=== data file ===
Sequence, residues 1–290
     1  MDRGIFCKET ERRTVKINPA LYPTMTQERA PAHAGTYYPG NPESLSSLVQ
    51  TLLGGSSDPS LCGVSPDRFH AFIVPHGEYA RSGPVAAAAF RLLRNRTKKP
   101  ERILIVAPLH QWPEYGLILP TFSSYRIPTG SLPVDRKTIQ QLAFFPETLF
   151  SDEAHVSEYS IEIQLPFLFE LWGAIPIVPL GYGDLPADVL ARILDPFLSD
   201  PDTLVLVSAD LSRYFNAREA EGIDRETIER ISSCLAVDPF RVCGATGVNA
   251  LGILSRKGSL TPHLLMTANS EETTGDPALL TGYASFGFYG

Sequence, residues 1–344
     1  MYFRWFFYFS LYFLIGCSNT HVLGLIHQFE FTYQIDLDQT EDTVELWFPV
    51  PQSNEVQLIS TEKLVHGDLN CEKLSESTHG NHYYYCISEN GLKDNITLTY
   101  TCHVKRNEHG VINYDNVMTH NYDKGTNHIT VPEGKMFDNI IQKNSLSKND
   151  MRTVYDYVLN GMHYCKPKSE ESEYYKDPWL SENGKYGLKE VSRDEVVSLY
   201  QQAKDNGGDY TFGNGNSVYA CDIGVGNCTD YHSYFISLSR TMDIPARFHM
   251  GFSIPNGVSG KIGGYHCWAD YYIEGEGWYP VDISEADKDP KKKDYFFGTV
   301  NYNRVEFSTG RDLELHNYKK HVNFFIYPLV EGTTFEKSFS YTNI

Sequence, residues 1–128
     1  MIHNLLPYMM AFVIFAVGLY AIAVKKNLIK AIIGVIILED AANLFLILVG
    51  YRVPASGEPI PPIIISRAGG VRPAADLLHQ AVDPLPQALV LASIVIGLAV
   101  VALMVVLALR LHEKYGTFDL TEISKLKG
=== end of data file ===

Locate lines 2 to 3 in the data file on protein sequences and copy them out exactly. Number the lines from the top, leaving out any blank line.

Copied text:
     1  MDRGIFCKET ERRTVKINPA LYPTMTQERA PAHAGTYYPG NPESLSSLVQ
    51  TLLGGSSDPS LCGVSPDRFH AFIVPHGEYA RSGPVAAAAF RLLRNRTKKP